Do you know the facts and rules related to the use of ITALICS?

We often see writers using italics in their writing, as and when they wish to. Sometimes writers use italics to highlight some content they wish to like a quotation or a proverb. In fact, most of the times, at their free will, we see writers using italics to highlight, beautify or showcase their content. There are some facts in English language that are related to the use of italics. If you haven’t heard of them before, don’t forget to do so now and note then down for all your further writing attempts.

  1. Italics can be used when you are incorporating few words from a foreign language in your content.
  2. Italics has to be used to write algebraic expressions. For instance, when you are writing the value of “x” in any formula, so “x” has to be in italics.
  3. Like I said before, italics is used by writers for the purpose of emphasis on a specific word, however it should not be done in the case of formal, especially academic writing.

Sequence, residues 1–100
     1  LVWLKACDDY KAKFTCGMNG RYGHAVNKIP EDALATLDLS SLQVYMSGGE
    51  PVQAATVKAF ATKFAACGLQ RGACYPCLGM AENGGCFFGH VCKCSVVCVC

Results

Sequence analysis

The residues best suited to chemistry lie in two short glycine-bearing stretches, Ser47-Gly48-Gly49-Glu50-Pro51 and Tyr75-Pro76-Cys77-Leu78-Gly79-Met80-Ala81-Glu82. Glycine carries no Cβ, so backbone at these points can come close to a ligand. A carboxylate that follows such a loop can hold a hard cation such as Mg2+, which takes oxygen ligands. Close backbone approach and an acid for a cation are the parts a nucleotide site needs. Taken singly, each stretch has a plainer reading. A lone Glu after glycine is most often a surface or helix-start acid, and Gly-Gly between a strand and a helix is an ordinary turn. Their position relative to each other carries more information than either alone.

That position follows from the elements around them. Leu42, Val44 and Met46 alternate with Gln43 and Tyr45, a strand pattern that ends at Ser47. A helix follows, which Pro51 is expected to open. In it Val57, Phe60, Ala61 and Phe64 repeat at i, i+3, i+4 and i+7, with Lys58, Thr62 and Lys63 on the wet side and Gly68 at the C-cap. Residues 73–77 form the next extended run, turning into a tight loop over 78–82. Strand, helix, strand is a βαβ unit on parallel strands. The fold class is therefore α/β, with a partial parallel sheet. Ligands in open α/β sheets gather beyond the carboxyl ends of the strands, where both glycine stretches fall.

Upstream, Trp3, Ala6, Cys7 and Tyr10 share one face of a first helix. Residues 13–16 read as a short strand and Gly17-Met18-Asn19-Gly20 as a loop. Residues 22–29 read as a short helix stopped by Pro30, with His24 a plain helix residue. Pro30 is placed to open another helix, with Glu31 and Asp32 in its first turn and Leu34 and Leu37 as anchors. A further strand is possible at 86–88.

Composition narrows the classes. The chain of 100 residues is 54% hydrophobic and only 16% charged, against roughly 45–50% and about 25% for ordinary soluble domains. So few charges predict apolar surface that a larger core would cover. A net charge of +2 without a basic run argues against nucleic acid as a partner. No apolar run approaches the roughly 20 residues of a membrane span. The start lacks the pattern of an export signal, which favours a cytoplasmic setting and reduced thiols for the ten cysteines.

4. In some places, if you feel the dire need to emphasise on a specific word and you feel the content would be incomplete without it. It is a good idea to mention in brackets, just next to the word that the purpose of italics is to emphasise on the word.
  5. Most of the styling guidelines such as APA & Chicago Manual of Style have their own specifications about the use of italics and according to the guidelines, most of the Latin words are not italicised.

As a researcher you must be careful of not overusing italics as it may create a negative impact about your research rather than solving the purpose you had in your mind. In a state of complete ignorance, often writers try to beautify their document by using italics liberally but it goes against the norms of formal academic writing often supervisors feel put off with over use of italics. The writing shouldn’t be just simple and easy in terms of content but also simple and as much as possible uncomplicated in terms of font and formatting. When you do that, you send a message to your reader that your content is strong enough to not need the support of complexity in language or display. It is sufficient in its strength to engage you as a reader.

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